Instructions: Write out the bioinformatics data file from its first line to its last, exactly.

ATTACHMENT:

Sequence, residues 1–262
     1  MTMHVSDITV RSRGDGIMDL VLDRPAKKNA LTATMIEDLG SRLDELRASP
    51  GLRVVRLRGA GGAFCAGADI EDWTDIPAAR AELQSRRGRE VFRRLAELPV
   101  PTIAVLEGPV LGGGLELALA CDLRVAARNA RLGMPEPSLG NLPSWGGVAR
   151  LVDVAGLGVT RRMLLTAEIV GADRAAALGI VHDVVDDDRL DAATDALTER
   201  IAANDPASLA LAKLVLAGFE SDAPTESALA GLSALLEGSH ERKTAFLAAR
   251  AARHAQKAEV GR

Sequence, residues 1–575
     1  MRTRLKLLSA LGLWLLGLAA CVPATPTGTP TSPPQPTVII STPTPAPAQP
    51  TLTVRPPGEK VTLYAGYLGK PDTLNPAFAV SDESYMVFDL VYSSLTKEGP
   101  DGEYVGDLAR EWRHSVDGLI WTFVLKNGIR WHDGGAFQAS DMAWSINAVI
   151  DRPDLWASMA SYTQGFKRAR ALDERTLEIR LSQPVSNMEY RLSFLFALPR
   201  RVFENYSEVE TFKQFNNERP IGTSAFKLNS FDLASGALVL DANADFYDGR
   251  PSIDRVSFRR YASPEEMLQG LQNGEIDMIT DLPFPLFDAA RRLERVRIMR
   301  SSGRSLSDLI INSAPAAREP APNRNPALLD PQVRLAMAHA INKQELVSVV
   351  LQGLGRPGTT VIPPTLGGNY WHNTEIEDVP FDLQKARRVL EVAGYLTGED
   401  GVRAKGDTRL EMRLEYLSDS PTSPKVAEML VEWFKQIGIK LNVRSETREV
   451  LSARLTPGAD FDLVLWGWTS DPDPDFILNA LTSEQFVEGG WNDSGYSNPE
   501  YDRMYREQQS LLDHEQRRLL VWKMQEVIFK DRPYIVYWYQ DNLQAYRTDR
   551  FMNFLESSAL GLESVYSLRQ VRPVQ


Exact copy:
Sequence, residues 1–262
     1  MTMHVSDITV RSRGDGIMDL VLDRPAKKNA LTATMIEDLG SRLDELRASP
    51  GLRVVRLRGA GGAFCAGADI EDWTDIPAAR AELQSRRGRE VFRRLAELPV
   101  PTIAVLEGPV LGGGLELALA CDLRVAARNA RLGMPEPSLG NLPSWGGVAR
   151  LVDVAGLGVT RRMLLTAEIV GADRAAALGI VHDVVDDDRL DAATDALTER
   201  IAANDPASLA LAKLVLAGFE SDAPTESALA GLSALLEGSH ERKTAFLAAR
   251  AARHAQKAEV GR

Sequence, residues 1–575
     1  MRTRLKLLSA LGLWLLGLAA CVPATPTGTP TSPPQPTVII STPTPAPAQP
    51  TLTVRPPGEK VTLYAGYLGK PDTLNPAFAV SDESYMVFDL VYSSLTKEGP
   101  DGEYVGDLAR EWRHSVDGLI WTFVLKNGIR WHDGGAFQAS DMAWSINAVI
   151  DRPDLWASMA SYTQGFKRAR ALDERTLEIR LSQPVSNMEY RLSFLFALPR
   201  RVFENYSEVE TFKQFNNERP IGTSAFKLNS FDLASGALVL DANADFYDGR
   251  PSIDRVSFRR YASPEEMLQG LQNGEIDMIT DLPFPLFDAA RRLERVRIMR
   301  SSGRSLSDLI INSAPAAREP APNRNPALLD PQVRLAMAHA INKQELVSVV
   351  LQGLGRPGTT VIPPTLGGNY WHNTEIEDVP FDLQKARRVL EVAGYLTGED
   401  GVRAKGDTRL EMRLEYLSDS PTSPKVAEML VEWFKQIGIK LNVRSETREV
   451  LSARLTPGAD FDLVLWGWTS DPDPDFILNA LTSEQFVEGG WNDSGYSNPE
   501  YDRMYREQQS LLDHEQRRLL VWKMQEVIFK DRPYIVYWYQ DNLQAYRTDR
   551  FMNFLESSAL GLESVYSLRQ VRPVQ